As another baseball season unfolds, it’s amazing how much the sport benefits from its spring training schedule. What if your business could sell tickets to a stadium to watch your product development team work up a new laser beam or a next generation smart phone?
Baseball may have the best business model ever devised to generate revenue before a product reaches the mainstream market. While warm winter weather in Florida (Grapefruit League) and Arizona (Cactus League) plays a role, along with spring vacation schedules, no other professional sports league enjoys such a fond embrace of warm ups, muscle stretches, pitching sessions, and fielding drills.
The National Football League may be the closest competitor, though its preseason games lack the charm of attending, say, a Tigers-Yankees game in the middle of March at Joker Marchant Stadium in Lakeland, Florida. As for pro hockey and pro basketball, forget about it. Fans wait for the “real” season to start before plopping down $150 or more on a good seat, hotdogs, nachos, beer, and peanuts.
In the business world, the vast majority of product introductions are the result of a sizeable investment. But wouldn’t it be nice to make some money before hitting the main stage? What if Apple, for example, could figure a way to charge people money for an exclusive look inside their design labs as the next iPhone, iPad, or a yet-to-be-revealed iWatch or iSpecs comes to life?
The point is, as companies prepare a new product or service, they should record the action. At the very least, video and photos become new content for a company’s website, and naturally complement the product roll out. You can even use a close up photo to tease the introduction — automakers and Hollywood studios may be the best practitioners of such enticements. And we all know the longer people stay on a given website, the better, even more so if your company can sell banner ads.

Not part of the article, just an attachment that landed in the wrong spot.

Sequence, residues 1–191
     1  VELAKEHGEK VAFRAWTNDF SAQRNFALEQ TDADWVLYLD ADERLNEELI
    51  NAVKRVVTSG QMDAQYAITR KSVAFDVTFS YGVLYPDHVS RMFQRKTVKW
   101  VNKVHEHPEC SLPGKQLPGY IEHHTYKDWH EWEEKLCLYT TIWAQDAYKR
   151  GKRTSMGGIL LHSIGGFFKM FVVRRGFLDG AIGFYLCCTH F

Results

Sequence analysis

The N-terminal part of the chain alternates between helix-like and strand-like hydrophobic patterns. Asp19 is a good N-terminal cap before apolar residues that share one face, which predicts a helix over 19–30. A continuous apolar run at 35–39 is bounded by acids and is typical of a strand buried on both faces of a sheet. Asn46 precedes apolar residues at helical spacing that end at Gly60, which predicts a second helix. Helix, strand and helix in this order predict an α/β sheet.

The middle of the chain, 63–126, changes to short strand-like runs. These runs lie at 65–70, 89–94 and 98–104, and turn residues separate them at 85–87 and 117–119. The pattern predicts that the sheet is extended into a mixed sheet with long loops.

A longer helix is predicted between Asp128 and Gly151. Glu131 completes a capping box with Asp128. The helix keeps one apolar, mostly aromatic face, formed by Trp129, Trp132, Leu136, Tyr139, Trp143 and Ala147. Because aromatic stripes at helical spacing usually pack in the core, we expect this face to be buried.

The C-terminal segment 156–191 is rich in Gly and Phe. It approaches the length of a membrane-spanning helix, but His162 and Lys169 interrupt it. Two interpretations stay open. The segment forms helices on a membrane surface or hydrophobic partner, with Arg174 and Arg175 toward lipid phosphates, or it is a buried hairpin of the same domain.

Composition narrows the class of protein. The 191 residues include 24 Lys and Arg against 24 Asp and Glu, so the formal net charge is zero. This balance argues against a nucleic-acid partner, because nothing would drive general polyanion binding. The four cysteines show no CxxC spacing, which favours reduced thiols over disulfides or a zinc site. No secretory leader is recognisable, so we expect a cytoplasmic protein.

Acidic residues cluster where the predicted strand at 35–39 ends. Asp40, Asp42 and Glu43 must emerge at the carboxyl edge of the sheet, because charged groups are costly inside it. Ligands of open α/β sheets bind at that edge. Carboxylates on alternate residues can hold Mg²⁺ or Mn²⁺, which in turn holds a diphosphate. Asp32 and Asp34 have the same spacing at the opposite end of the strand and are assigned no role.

Along those some lines, consider adding more webinars to your site, along with posting them on YouTube or Vimeo. You can send all your new and potential customers an email with a link. That cuts down on business trips to individual customers, but I don’t advocate passing up trade conferences. With that many “dedicated” fans in one space, the ability to land new deals, meet new customers, or tap industry experts over the course of three to four days is priceless.
So the next time you develop a new product or service, be sure to record the action. It could be a vital hit as you round the bases to profitability.